Northside Theatre

1828 Euclid Avenue,
Berkeley, CA 94709

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docpotter on June 29, 2014 at 2:52 pm

Seeking Bob Bonneau who working at Northside Theater in 1989-90 … if you know how to reach him please contact me docpotter at docpotter dot com …. . ‘preciate it!!!!

slagheap on June 6, 2013 at 2:06 pm

wordwooze! one evening spring of 1968 i saw “ The Good Earth ” and Leroi Jones' ( sic ) “ Dutchman ” at the B. Lannes Cinema. as for Northside Theater, went there numerous times very early seventies with a wonderful girl named Nancy Deernick – a couple of Woody Allen films, “ The Harder They Fall, ” ( Jimmy Cliff, ) and Goddard’s “ Performance, ” ( Mick Jagger. ) I lived at Toad Hall near Ridge & LaLoma. I subsequently became friends with Jerry of Northside Books. I’m very glad to have encountered this site.

gobears on February 5, 2013 at 10:13 pm

Since I was both hired and quit in 1959 I was definitely NOT on the scene in January 1960. I was hired in 1959 during my senior year at UC by Raymond Rohauer who had leased the premises from Bill Denault and had renamed it the Fine Arts Theatre.

After I quit at some point Rohauer either gave back the theater to Denault or maybe Denault took it back; I doubt that Rohauer had it for the entire year of 1959 because of financial failure.

If I remember correctly Denault had an office on Shattuck in downtown Berkeley; I seem to recall that’s where I took the rent or he came to the theater to pick it up the few months I worked there. I knew his name and there was no employee at the theater by the same name so maybe you took a vacation while Rohauer briefly rented it?

Note: Rohauer’s short-lived Fine Arts had nothing to do with the Fine Arts Cinema on Shattuck which did not appear until much later.

The one good thing Rohauer did was bequeath his extensive collection of avant garde and experimental films from the 1920s and 1930s to UC’s library; you can read about the collection here:

Rohauer himself has a short listing in Wikipedia.

As to the dates I stand by my statement and the date on my diploma!

cumuloquimpus on February 4, 2013 at 9:22 pm

Mr gobears has a faulty memory! I also worked for Roger Denault and Bill Denault at the Northside theater. I did not start working there until after I graduated from high school in January 1960. Mr. gobears was definitely not on the scene! Also, I worked there part time for a few years. Roger and Sue Denault pretty much ran the place for Bill Denault from about 1962-1965, and I do know others who can verify the dates! I wonder, did gobears really attend UC, or is he off by the greater part of a decade? Yes, I’m also aware of some of the rest of the history of the site, not disclosed by Roger, but none-the-less, events that make gobears' dates impossible.

gobears on November 16, 2011 at 2:59 pm

Roger, I enjoyed your comments, particularly about La Vals.

On one specific point I must respectfully disagree: I was a senior @ UC in 1959 and that’s when I was hired by Rohauer to run the Fine Arts. In January, 1960 I had been hired by GE for my first real (non-reel) job so the 1965 date you mentioned is off a bit.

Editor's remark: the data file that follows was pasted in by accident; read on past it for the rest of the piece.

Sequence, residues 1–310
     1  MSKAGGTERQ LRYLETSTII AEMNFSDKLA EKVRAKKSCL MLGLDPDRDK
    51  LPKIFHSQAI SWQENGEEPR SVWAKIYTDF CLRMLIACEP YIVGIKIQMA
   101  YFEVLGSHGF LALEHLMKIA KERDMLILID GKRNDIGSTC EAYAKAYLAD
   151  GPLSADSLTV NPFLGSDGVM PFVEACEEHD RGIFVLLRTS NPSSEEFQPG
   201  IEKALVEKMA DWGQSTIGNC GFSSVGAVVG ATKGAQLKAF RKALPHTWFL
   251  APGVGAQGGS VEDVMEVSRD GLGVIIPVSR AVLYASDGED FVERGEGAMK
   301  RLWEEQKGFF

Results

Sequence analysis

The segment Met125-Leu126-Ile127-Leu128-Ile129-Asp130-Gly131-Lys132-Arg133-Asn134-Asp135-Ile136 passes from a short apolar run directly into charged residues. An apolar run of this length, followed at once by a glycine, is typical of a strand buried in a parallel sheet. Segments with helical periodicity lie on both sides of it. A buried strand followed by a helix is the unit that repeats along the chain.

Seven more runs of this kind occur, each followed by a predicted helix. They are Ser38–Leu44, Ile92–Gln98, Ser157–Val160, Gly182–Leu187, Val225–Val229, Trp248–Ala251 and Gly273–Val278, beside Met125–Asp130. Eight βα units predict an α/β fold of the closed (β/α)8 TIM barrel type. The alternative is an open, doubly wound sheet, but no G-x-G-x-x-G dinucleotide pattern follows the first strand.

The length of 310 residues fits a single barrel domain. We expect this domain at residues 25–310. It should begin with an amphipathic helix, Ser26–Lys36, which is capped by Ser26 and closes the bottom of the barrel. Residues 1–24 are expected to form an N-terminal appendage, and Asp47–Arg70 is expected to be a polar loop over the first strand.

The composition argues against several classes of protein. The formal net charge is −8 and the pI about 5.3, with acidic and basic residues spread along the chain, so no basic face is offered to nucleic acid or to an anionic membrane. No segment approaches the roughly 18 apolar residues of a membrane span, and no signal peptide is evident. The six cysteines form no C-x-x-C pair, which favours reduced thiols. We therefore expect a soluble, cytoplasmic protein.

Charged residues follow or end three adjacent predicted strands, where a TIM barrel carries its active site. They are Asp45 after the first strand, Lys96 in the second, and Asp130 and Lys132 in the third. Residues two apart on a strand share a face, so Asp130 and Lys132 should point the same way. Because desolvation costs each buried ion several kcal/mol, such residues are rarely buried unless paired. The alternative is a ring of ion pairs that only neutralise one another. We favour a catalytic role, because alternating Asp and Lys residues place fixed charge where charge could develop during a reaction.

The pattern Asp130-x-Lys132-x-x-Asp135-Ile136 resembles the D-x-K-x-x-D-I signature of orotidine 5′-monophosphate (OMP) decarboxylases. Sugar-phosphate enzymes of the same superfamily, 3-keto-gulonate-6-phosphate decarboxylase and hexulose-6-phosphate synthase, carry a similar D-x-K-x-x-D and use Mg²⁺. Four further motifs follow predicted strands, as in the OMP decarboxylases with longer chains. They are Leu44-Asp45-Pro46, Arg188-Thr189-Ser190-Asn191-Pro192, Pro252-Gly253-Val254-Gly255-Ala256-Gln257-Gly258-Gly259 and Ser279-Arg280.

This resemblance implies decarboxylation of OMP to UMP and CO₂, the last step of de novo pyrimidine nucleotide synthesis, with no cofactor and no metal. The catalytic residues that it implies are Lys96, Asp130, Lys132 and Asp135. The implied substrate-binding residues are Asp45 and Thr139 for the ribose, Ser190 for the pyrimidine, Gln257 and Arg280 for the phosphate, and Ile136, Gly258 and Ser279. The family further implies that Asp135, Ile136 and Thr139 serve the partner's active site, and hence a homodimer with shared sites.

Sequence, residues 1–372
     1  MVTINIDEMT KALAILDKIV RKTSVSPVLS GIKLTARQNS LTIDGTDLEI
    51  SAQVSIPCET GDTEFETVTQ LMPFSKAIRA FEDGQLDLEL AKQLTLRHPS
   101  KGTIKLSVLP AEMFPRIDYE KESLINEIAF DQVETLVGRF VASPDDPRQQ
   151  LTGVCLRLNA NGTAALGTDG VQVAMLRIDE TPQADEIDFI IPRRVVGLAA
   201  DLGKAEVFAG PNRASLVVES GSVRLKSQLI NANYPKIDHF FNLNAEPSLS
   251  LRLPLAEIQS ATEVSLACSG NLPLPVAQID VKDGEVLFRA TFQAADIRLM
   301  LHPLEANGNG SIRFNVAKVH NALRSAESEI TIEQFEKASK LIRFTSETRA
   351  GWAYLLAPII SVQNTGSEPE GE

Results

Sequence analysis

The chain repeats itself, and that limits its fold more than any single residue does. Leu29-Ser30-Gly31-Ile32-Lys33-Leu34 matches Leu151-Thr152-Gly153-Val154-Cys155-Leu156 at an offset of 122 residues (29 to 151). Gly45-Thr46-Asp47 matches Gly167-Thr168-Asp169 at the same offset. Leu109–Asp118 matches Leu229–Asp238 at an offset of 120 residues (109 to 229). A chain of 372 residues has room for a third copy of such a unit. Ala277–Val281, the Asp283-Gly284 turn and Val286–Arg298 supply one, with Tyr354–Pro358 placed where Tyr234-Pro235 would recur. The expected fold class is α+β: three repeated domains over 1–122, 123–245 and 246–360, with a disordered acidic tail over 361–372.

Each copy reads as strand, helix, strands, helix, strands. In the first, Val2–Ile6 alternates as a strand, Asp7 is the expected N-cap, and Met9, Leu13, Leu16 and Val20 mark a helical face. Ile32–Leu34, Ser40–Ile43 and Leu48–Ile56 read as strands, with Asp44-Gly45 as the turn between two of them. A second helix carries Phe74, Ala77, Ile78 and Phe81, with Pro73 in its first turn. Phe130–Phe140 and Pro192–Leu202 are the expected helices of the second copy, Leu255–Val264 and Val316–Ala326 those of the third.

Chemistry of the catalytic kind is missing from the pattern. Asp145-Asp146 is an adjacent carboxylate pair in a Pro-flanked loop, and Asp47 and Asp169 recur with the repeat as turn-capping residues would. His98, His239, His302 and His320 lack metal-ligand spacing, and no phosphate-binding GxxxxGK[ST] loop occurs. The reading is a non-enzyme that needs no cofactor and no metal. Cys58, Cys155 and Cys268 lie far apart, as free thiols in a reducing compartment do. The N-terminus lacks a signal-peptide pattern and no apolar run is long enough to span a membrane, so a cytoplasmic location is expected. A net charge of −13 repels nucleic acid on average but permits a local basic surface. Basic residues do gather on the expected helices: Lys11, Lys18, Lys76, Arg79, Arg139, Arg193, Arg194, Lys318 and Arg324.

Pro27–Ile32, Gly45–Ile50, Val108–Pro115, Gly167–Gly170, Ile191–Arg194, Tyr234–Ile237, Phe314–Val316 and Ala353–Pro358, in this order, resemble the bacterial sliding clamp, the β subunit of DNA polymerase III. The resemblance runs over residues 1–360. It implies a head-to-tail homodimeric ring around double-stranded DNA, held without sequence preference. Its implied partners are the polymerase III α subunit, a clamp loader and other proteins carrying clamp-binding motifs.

I did have some direct dealings with your Dad, principally why the rent hadn’t been paid. Rohauer was not only ethically challenged but a genuine cheapskate as well, requiring that the Fine Arts pay its own way, so he refused to put out any money from his own pocket.

While distasteful at the time Raymond Rohauer provided some interesting life’s lessons which were useful later as time went by.

RogerDeNault on November 16, 2011 at 11:20 am

I worked for my father at the Northside from 1956 to 1965. I was the older brother of Berkeley Boy. One thing that hasn’t been mentioned here is that this is the first of the multiple cinema movie theaters, which dominate nowadays. People often give credit to Ed Landberg and Pauline Kael for building the first twin cinema across the campus at the Cinema Guild and Studio. But Bill DeNault did it a year before they did! For that he gets some extra credit (even though he’s now dead at 94). He was also responsible for getting LaVal’s Pizza in the courtyard, trying to make a destination for the courtyard.

Raymond Rohauer got in after I left in 1965. He made a deal with Bill DeNault that he never delivered on, and Bill took it back before it finally got sold to Renaissance Rialto(?). I was much amused by “gobears” stories about Raymond Rohauer, although I named it the “Northside Theater” about 1960 when someone with a warped sense humor insisted on taking “Fine Arts” off the marquee and making in “Ine Farts,” and then calling about his “humor,” over and over…

gobears on October 29, 2011 at 11:19 pm

hey, berkeleyboy, bigwc and others with memories of the Northside, a/k/a Fine Arts. In 1959 or so Bill DeNault leased the dual closets to Raymond Rohauer, film aficionado/distributor and notorious cheat according to several accounts of his activities.

I can speak first hand to that because Rohauer hired me to run the Fine Arts during my senior year. The average field hand in the Central Valley earned more per hour than I did since the “part time” job ran up to 40 hours a week but the pay was a flat $ amount per week regardless. But I had a title.

I knew Rohauer’s successful West LA theatre, the Coronet, and his interesting programming from my days at UCLA . When he leased it from your dad he changed the name to the Fine Arts Theatre. He decided to run his eclectric collection of art films, captured German newsreels, 3rd run feature films and the like.